Marlisse Silver-Sweeney: You see that a lot when they talk about the rollout of some of these new platforms. Can you unpack that? What are they talking about there?
Lisa Middlemiss: Yes. My understanding what they mean by a minimum viable product is that according to them they have been under fire to, you know, or under pressure if you will, to rapidly release the new technologies to permit applications filing online. For example, the PR representative, or the PR application portal, which they recently expanded to representatives in September, actually. So there has been one positive development in that regard.
But the minimum viable product of the PR application intake portal was the first iteration, meaning that at first they said, well, it’s such a rush. They hired a company – I believe it’s called Iron Mountain – to develop the product, the technology, and they ran it through the through the trials quickly without embarking lawyers on the testing and whatnot. And the idea was just to go live with it as soon as possible to reduce the paper backlog of applications and get applications in process faster. But the by-product of that sort of rush to get it available was that, again, representatives were not integrated. So at first we were not able to submit these online PR – permanent residence – applications, and, as such, you know, we were told we’ll be part of the next step of – as the product evolves, meaning the technology, we will be integrating representatives. But there was no direct date on the horizon at first.
It’s only after a lot of advocacy, I believe, on behalf of the CBA immigration section and individual lawyers, that the department then moved to upgrade the product to integrate representatives. And so it’s interesting because we started our – the CBA immigration section sent a letter to the department – I guess it was in May – to mention that we were not in favour of minimum viable products which excluded counsel, because people have a right to counsel in their immigration pathway. These are very complex processes with serious consequences on people’s life.
And we received a response back from the ministry basically suggesting that they heard us but mentioning all of the unusual exceptional circumstances of COVID-19. But we still really were perplexed and many people were disappointed, and others even, you know, I’m not sure I could say outraged, but there were people who were outraged that that lawyers could not properly access a technology which was really vital to take advantage of, you know, faster processing times, and to be able to properly represent their clients.
So after that there were further discussions and our section worked closely with the CBA president, our past president as we have a new one, but past president Brad Regehr to send a letter to both ministers of justice, [the medi? 00:16:50] and Minister Mendicino of immigration, to remind them that it’s that there is a right to counsel and immigration processes and has very devastating consequences for applicants when lawyers cannot assist their clients in the way that that we need to do so and to fulfill our own mandates with the solicitor-client relationship.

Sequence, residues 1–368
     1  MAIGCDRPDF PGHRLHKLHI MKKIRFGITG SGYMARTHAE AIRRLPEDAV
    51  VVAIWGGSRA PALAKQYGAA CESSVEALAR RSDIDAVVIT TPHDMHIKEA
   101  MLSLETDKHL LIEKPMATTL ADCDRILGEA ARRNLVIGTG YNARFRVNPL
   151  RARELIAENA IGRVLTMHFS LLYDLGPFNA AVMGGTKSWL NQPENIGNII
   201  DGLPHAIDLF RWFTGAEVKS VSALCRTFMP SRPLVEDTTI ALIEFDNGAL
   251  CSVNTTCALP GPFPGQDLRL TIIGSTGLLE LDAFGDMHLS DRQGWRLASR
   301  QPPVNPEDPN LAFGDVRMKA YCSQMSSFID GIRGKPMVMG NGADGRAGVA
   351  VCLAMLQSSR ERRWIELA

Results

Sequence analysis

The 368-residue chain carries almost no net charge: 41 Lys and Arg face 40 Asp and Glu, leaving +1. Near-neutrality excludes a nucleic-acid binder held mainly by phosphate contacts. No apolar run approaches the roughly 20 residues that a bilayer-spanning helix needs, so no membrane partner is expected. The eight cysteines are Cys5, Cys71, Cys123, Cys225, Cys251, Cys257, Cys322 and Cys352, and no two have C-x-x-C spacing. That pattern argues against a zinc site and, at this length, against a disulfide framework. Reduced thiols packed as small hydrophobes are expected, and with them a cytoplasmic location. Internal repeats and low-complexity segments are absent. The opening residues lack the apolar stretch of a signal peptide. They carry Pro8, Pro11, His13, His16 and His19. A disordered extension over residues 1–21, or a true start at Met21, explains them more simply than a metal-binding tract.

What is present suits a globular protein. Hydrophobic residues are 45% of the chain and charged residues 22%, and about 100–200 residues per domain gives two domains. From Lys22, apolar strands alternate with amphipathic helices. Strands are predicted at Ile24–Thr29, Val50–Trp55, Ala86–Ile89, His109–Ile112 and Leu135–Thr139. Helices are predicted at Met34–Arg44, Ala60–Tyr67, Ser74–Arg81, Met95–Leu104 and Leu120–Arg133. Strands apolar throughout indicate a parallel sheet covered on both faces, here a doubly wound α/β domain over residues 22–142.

So after the letter that CBA president Brad Regehr sent to the ministers of justice and immigration, shortly thereafter we did hear from Immigration, Refugees and Citizenship Canada that they would be implementing an updated version of the PR intake portal, which would be a representative portal which they went live with. They honoured their promise at that point and went live with it in September, and I’m already starting to use it as other practitioners are, and it’s just – it’s just wonderful and it would have been great to have that at the outset, but glad to see they’re going in the right direction in this regard; would like to see that, of course, across all immigration technologies, including for citizenship applications.
And also there’s a new process to virtually land clients, which cuts out representatives in the final most paramount stages. So we’re still looking ahead to see if there’s any willingness to bring lawyers back into that important last step of our mandates, but it’s a positive step in the right direction.
Marlisse Silver-Sweeney: Great. OK. So, there have been some positive changes to these minimum viable products or have been some updates.
Lisa Middlemiss: Yes.
Marlisse Silver-Sweeney: That’s great that you mentioned the May letter from Brad Regehr. I actually had a nice quote about minimum viable products from him, and he says: a platform that does not integrate representatives and creates barriers to access to justice should not be considered a minimum viable product. So I’m glad to hear for the sake of your clients that there have been some upgrades to the technology that allows representatives to actually online file and do their jobs. But it does sound like there are some programs still where this is lacking.
Lisa Middlemiss: Absolutely. Yes. No. There are, and there’s still room for further progress. But it did help to have advocacy, I believe, in this by means of a letter from the CBA president Brad Regehr in support of this important issue for access to justice, and most appreciated by immigration lawyers across Canada, because it did, I believe, probe the ministries to get this updated product and technology available to us more rapidly than they may have.
However, in other regards I think that they don’t – that Immigration, Refugees and Citizenship Canada might always not – they do not always – they’ve set up some processes which do not recognize, really, the nature of the solicitor-client relationship; that, you know, we have a duty of service until the file is fulfilled and the mandate complete. So what has been happening recently is where a permanent residence application may have been filed, even by the representative online, let’s say in the old authorized representative portal, and that did allow for certain streams to be submitted online for years by representatives. It’s the newer system to capture old paper line businesses of IRCC which did not.